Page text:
Column - I'm hungry so let's eat GrandmaHey, I have a good idea: Let’s eat Grandma. Whoops!, I mean to say: Let’s eat, Grandma.
By: Dennis Dalman, Alexandria Echo Press
Hey, I have a good idea: Let’s eat Grandma.
Whoops!, I mean to say: Let’s eat, Grandma.
Today, I received an e-mail with an attachment, a photo of a T-shirt that states boldly:
LET’S EAT GRANDMA.
LET’S EAT, GRANDMA
COMMAS SAVE LIVES
I’m going to buy it and wear it every day for the rest of my life, taking it off only to wash it once in awhile. It will be my perma-shirt. Next time I become involved in a discussion and/or argument about why commas are important, I can just point to the T-shirt.
Many people say, “Oh, what’s the big deal? So what if I’m lousy at using commas? People know what I mean.”
Well, I beg to differ. If someone e-mails me to say we should eat Grandma, I’ll call the cops.
Kidding aside, that T-shirt is a good reminder of the need for English classes. Like the lost art of penmanship and letter-writing, correct grammar, spelling and punctuation have been debased due to sloppy misuse and outright abuse.
What caused such debasement? I don’t blame teachers. Teachers, these days, seem to get blamed unfairly for just about everything. I tend to think one cause of language debasement is people who seem to relish unlearning what they hated to have to learn. Another reason, probably, is our e-mailing/texting that results in a hurried sloppiness and all kinds of rapid short cuts, such as u for you, r for our and the dropping of commas and apostrophes as in the example of “Lets eat Grandma.”
Another reason, possibly, is that there seems to be an ascendance of the “visual” (photos, images, symbols, graphics) at the expense of written language. Some magazines have become razzle-dazzle visual kaleidoscopes in which text, at best, becomes just a lesser form of the “visual.”
The same is true of many e-mail communiques of mainly visuals accompanied by rapid-fire writing, a hybrid (and hyper) breed of shorthand. It is understandable because many people are not adept typists, and sometimes even the best typists do not want to take the time for proper usage. Nobody’s perfect. I can guarantee there are examples of sloppiness in many e-mails I write, although I try to avoid them. What’s happening, I think, is that e-mail communiques will eventually evolve into a virtually different kind of language, with more and more improvised “rules” and peculiarities spawned from improper usage. Such e-mail sloppiness and short cuts will “catch on” contagiously, for better or worse.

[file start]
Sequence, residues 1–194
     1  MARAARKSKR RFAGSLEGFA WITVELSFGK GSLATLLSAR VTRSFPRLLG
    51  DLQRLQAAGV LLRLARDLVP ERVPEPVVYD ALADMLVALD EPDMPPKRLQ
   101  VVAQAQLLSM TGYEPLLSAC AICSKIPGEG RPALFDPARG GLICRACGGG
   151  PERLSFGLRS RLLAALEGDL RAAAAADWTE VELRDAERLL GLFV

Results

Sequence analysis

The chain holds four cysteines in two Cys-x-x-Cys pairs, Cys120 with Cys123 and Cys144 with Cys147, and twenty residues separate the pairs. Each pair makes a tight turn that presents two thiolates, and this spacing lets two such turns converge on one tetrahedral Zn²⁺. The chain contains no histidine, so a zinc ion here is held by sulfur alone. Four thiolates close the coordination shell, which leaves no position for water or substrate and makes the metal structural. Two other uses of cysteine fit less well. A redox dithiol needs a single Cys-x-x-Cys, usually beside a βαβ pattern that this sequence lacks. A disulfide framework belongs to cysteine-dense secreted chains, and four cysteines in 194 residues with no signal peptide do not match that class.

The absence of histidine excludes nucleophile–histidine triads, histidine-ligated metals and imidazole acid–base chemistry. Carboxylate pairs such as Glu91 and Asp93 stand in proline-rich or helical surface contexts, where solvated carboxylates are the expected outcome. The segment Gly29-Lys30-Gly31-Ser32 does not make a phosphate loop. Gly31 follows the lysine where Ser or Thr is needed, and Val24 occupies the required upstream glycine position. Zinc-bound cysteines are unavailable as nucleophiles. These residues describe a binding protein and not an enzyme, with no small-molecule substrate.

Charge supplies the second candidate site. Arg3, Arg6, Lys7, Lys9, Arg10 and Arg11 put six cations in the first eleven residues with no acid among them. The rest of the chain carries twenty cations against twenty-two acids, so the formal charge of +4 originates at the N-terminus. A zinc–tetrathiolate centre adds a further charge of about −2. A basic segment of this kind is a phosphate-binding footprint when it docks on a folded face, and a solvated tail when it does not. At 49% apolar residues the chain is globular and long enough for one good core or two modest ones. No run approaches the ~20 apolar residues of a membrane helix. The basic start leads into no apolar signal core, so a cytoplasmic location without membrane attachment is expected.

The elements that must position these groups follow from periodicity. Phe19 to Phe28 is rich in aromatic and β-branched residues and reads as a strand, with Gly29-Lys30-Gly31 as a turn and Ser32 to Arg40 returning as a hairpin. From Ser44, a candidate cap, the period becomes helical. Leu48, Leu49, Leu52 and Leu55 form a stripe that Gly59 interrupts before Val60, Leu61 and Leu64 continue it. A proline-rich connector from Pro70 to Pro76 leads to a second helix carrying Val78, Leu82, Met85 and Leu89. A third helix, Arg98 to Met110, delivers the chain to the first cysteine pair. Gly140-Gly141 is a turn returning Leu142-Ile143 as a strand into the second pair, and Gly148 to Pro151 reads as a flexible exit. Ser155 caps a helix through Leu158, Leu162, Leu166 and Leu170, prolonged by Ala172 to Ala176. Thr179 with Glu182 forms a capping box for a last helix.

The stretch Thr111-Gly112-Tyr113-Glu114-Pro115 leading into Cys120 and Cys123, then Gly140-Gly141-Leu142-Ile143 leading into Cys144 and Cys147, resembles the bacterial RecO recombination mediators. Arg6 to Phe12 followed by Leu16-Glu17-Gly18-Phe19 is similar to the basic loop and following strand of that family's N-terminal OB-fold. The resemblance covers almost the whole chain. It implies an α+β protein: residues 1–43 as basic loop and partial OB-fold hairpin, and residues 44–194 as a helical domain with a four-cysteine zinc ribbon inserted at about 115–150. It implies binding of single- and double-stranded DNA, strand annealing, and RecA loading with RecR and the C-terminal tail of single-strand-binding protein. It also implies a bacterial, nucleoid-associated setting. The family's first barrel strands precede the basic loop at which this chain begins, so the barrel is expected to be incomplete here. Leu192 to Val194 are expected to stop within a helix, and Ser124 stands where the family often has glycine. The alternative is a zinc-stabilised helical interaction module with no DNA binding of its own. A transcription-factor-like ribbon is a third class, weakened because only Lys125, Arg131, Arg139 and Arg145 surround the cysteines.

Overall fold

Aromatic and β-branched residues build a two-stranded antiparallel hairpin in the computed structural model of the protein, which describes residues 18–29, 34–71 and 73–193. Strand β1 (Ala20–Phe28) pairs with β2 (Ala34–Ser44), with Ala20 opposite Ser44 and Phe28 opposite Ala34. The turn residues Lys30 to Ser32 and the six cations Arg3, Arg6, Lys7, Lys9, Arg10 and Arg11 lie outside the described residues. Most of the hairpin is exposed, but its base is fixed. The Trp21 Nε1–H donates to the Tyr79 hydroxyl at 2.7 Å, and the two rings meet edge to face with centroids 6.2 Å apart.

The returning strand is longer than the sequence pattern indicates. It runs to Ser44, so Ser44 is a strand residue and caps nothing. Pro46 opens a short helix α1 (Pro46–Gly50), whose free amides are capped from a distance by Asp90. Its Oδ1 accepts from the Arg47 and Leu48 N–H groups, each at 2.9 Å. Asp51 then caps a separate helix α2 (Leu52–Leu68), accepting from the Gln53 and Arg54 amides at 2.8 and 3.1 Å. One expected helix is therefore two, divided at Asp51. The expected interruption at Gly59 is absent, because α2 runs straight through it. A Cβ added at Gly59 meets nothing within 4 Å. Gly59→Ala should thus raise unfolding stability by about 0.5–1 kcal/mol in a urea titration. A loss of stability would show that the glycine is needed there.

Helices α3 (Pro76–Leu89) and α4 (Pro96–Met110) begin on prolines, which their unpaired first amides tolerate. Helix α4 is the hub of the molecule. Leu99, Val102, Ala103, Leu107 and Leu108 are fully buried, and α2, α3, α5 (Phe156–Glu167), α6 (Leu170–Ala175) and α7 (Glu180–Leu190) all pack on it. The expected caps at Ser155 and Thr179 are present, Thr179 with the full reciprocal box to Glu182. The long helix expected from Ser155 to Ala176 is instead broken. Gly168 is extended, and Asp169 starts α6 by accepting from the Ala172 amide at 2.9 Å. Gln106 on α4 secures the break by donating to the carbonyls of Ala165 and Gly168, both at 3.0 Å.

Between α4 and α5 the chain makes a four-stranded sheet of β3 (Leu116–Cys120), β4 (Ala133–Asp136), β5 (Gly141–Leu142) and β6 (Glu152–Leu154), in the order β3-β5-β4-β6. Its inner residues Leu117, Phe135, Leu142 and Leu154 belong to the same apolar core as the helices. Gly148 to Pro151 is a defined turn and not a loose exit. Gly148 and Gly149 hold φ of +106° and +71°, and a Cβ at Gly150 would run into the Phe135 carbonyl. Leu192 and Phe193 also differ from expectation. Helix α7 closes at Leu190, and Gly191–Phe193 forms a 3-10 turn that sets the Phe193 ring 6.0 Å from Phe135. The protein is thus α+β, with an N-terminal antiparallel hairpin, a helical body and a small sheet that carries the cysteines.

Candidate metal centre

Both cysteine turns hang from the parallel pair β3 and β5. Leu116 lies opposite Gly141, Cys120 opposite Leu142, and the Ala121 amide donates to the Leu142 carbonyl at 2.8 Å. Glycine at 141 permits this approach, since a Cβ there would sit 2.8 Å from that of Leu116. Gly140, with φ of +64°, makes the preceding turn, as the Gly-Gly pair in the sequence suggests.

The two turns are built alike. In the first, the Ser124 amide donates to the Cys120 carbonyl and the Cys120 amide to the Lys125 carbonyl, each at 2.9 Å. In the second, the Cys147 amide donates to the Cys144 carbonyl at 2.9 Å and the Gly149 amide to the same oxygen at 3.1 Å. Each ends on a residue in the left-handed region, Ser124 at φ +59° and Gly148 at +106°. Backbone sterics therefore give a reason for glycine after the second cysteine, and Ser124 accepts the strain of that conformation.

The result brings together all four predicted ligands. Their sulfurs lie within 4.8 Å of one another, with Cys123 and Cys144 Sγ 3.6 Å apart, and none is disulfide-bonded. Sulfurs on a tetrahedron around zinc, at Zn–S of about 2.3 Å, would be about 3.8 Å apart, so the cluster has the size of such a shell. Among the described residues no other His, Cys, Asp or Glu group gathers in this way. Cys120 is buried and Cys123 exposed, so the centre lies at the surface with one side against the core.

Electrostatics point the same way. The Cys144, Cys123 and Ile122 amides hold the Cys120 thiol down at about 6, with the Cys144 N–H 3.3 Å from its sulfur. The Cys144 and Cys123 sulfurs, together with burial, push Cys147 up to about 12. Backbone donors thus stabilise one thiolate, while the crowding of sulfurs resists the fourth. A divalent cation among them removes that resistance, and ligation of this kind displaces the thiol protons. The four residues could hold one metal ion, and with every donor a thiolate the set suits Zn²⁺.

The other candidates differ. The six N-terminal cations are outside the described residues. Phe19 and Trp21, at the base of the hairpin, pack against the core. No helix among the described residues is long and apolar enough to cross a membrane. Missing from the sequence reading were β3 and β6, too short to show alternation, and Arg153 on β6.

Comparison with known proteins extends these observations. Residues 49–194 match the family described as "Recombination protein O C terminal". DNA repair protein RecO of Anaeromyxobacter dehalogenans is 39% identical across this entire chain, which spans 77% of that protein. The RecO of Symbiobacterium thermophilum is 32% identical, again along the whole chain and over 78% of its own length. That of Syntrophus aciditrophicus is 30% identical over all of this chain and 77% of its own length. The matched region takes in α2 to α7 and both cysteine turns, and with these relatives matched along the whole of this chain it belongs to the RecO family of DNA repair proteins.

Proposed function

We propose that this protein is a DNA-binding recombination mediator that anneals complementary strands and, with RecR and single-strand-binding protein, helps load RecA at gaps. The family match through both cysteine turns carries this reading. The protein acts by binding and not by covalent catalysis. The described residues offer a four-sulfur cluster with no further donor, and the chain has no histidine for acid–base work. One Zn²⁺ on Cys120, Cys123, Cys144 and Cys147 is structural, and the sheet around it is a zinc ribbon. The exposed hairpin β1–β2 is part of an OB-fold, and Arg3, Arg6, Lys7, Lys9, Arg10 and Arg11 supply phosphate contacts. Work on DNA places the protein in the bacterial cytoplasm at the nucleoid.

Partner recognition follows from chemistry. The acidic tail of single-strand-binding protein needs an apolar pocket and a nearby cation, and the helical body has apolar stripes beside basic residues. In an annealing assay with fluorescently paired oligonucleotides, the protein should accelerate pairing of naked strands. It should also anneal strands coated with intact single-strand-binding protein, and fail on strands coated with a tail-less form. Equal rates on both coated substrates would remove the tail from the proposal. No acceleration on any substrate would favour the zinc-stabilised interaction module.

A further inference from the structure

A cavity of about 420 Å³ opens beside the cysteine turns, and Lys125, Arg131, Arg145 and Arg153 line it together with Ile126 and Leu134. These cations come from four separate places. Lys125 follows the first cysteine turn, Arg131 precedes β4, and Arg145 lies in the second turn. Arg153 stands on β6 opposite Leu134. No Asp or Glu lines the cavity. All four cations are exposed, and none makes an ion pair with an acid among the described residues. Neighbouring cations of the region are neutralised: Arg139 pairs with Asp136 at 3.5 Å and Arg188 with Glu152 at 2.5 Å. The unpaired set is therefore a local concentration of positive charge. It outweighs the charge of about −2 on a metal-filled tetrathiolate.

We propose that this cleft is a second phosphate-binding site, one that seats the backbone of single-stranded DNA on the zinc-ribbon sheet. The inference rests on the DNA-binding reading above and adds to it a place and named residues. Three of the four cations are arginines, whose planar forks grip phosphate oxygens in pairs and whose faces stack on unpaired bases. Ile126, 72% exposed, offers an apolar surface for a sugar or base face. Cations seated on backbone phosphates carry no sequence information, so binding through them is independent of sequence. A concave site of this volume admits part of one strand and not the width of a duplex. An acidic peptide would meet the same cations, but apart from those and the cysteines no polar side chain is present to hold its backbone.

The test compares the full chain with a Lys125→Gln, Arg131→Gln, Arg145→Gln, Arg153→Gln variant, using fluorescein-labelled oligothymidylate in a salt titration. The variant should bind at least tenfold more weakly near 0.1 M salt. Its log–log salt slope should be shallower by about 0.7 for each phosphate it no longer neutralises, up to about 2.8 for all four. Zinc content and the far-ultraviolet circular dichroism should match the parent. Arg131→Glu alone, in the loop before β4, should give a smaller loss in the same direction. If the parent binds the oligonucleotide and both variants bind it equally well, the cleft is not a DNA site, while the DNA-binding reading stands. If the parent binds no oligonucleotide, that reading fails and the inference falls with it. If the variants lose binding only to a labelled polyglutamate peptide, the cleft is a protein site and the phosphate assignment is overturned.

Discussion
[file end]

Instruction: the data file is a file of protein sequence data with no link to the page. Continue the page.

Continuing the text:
Language is a culture that is and always was in a constant state of evolution. As in geologic evolution, change is its ever-present lifeblood. Thus, it’s possible that e-mail styles might even invigorate written and spoken English. However, I have a hunch the influences will be mainly on the negative side.
On a November 12, 2012 news show, I heard TV commentator Chuck Todd, a brilliant man, say this: “The president would have almost TOOK that deal.” It was yet another awful case of using a simple past verb instead of the past participle form; “took” for “(have) taken.” Professional communicators are supposed to set good examples, and yet increasingly I hear them say “pundint” for “pundit,” “eminent” for “imminent,” and bloated phrases like “learning environment” for “school” or trendy buzz words and phrases such as “stakeholders” and “social capital.”
Here is a hypothetical example of butchered English in an e-mail: “Hey, lets eat Grandma. Ive alredy ate but still hongree. u r the best kookie maker. b rite thare for kookies then have two go too lerning enviromint to lern sum stuff to git smart so I can b a steak holder sum day and get sum soshal capitul.”
If that kind of lingo evolves into standard “Inglish,” our language will be in a sadly debased state, indeed.
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Dennis Dalman, a former reporter for the Echo Press, is a regular contributing columnist to the Opinion page. He is currently the editor of the St. Joseph Newsleader. He can be reached via e-mail at firstname.lastname@example.org.